Well IBC was extremely busy for me, producing daily video blogs for Sony in both 2D and 3D. I didn’t really get a lot of time to see the rest of the show, but I did get a chance to look at a few things. Almost every stand had some mention of 3D. 3D was everywhere. JVC had a nice new mid size S3D production monitor, Canon were showing off their new XF series cameras, the XF100, XF105, XF300 and XF305. It’s a pretty impressive line up! Tim Dashwood was showing a demo video he shot with an Arri Alexa on a couple of stands including Zeiss and Matrox and I have to say it was a fantastic demonstration of the cameras dynamic range as the studio doors were opened up revealing perfectly exposed exteriors. Tim also has some very cool new software in the pipelines that uses the Matrox boxes to record and analyse 3D.
On the Sony stand the most interesting things for me were the prototype 3D camera and the prototype 35mm camera. There was a lot of secrecy around the 35mm camera and no details were being given except to expect it early next year. The unit on display (in a box) looked to me to have a PL mount of some sort. There were lots of bits of black tape covering various apertures, one of which appeared to be a slot about the right size for a couple of SxS cards. The 3D camera looked like a PMW-500 with a 3D lens. It had 4 SxS slots and a large convergence control knob on the side. The I/A looked to be less than 65mm, maybe 50 to 60mm.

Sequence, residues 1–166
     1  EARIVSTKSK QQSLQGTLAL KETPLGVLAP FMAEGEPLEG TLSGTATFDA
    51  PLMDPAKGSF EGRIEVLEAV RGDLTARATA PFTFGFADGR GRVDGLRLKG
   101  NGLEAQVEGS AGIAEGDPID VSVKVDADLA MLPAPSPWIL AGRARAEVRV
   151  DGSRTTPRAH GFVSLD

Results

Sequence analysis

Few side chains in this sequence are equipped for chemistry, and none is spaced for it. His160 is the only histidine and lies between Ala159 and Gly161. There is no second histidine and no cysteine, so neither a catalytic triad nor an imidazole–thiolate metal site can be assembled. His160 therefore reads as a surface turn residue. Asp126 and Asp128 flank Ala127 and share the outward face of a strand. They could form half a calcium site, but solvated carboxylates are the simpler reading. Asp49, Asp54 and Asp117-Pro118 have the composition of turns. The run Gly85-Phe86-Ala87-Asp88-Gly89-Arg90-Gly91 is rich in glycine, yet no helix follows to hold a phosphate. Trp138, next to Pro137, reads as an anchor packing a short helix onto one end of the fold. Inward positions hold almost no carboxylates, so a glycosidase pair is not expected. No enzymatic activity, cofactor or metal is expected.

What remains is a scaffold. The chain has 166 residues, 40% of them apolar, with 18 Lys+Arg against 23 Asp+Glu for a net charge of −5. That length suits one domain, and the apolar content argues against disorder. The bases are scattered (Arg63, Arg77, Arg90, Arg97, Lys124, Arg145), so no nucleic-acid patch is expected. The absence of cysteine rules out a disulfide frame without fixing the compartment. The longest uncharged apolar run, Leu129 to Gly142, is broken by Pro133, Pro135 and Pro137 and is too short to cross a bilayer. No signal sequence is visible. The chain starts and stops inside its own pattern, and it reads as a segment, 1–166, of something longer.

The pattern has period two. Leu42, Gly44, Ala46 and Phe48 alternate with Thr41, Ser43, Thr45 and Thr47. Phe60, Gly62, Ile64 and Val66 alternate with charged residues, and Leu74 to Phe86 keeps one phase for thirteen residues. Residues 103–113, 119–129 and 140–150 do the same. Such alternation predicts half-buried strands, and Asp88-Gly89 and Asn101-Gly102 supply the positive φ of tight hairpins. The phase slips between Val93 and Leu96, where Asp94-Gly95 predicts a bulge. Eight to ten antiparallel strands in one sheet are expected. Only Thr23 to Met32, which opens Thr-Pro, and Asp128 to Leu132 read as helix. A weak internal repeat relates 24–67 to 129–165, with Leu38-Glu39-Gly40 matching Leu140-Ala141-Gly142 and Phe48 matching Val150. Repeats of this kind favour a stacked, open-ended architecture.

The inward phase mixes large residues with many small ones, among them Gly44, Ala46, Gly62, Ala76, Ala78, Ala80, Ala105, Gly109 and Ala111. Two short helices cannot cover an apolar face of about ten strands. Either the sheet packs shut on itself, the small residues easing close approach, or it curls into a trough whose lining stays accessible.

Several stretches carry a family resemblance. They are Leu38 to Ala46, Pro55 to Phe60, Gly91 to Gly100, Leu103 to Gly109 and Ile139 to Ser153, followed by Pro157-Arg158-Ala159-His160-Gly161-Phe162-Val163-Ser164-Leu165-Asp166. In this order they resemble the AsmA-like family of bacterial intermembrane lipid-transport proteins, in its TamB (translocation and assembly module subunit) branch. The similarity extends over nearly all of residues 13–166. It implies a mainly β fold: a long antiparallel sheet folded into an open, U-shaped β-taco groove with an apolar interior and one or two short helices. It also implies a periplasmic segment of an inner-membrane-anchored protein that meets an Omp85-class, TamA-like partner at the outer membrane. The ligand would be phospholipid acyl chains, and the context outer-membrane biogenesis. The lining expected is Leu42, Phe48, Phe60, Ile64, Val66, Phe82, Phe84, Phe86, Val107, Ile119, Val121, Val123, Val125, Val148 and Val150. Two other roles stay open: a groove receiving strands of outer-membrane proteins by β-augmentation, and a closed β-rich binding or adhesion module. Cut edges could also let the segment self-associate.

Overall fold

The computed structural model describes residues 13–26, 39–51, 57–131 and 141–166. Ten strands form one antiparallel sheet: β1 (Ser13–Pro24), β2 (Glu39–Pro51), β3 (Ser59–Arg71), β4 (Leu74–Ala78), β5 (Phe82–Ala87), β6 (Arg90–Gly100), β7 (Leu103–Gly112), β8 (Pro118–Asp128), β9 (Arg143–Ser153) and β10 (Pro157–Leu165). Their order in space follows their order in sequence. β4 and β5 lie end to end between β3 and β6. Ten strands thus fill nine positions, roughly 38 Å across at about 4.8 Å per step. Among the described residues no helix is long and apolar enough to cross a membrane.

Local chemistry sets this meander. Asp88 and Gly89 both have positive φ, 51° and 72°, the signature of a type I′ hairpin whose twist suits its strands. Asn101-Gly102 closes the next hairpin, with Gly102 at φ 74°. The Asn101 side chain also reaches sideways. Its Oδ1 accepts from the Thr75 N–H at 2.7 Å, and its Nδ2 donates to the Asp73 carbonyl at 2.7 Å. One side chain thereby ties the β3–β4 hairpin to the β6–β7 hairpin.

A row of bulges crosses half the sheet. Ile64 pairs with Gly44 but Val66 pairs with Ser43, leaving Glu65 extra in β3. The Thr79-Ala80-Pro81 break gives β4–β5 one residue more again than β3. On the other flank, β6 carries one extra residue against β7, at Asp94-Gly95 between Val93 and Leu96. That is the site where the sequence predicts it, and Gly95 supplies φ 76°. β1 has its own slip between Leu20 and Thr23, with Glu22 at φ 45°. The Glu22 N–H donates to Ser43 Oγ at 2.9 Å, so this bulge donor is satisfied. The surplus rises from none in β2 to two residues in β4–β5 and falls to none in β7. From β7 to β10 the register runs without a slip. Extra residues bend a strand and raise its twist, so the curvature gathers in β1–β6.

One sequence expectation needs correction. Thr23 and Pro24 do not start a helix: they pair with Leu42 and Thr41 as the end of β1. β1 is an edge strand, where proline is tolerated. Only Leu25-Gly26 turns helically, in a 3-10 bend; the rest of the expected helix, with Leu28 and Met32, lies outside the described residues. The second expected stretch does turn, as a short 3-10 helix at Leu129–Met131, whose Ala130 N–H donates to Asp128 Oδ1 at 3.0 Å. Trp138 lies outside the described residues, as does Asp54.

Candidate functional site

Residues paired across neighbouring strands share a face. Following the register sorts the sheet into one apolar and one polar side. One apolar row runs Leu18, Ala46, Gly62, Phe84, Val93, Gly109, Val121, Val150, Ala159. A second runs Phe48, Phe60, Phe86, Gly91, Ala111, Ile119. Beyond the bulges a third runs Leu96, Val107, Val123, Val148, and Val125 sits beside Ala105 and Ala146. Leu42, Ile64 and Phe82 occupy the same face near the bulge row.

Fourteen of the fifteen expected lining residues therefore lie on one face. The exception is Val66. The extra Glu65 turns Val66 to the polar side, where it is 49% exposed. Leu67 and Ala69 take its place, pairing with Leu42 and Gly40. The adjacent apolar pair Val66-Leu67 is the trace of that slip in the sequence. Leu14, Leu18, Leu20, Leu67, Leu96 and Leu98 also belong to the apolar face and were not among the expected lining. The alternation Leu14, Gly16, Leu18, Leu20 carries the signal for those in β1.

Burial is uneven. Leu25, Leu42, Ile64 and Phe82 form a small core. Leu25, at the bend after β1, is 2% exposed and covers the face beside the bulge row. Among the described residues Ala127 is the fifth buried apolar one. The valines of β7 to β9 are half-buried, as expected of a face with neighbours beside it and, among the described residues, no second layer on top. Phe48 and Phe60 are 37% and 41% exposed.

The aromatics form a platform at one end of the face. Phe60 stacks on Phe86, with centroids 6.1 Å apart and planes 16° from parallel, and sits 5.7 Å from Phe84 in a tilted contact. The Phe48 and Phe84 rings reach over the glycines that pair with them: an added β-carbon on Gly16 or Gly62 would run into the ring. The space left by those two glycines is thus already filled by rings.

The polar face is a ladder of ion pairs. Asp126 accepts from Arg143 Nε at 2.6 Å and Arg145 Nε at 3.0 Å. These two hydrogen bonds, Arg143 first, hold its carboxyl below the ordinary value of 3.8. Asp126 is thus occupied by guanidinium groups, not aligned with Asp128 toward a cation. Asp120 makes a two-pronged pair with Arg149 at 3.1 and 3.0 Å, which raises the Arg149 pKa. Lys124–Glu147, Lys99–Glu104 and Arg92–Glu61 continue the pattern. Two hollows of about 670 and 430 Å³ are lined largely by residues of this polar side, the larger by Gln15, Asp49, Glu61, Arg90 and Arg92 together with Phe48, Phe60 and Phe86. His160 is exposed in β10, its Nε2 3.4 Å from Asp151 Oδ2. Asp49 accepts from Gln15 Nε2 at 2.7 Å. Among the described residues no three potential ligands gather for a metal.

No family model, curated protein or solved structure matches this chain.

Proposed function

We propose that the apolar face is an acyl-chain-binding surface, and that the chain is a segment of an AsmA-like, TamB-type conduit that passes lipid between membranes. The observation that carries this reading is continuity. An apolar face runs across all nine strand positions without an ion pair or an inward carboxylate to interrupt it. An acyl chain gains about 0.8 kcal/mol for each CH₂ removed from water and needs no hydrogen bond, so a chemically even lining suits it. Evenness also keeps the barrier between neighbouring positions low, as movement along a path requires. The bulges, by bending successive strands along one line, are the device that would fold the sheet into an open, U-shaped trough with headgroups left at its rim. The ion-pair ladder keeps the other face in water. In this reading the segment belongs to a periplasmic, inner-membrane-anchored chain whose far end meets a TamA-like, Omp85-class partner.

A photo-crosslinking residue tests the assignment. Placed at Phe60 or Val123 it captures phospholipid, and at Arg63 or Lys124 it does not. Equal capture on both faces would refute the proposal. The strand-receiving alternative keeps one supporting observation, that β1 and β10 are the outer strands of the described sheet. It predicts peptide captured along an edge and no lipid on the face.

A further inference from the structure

Nano3D: One of the reccuring issues for 3D producers is feild monitoring. While there are plenty of options in the 24? and larger arena, at the moment the Transvideo HD 3D monitors are the only viable option IMHO. Convergent Design have addressed this issue and are adding Anaglyph out to the Nano3D in a soon to be released firmware update. This means that you will be able to use any existing HDSDI equipped monitor like the lovely Sony OLED PVM-740 or other cheaper monitors to check your 3D in the field.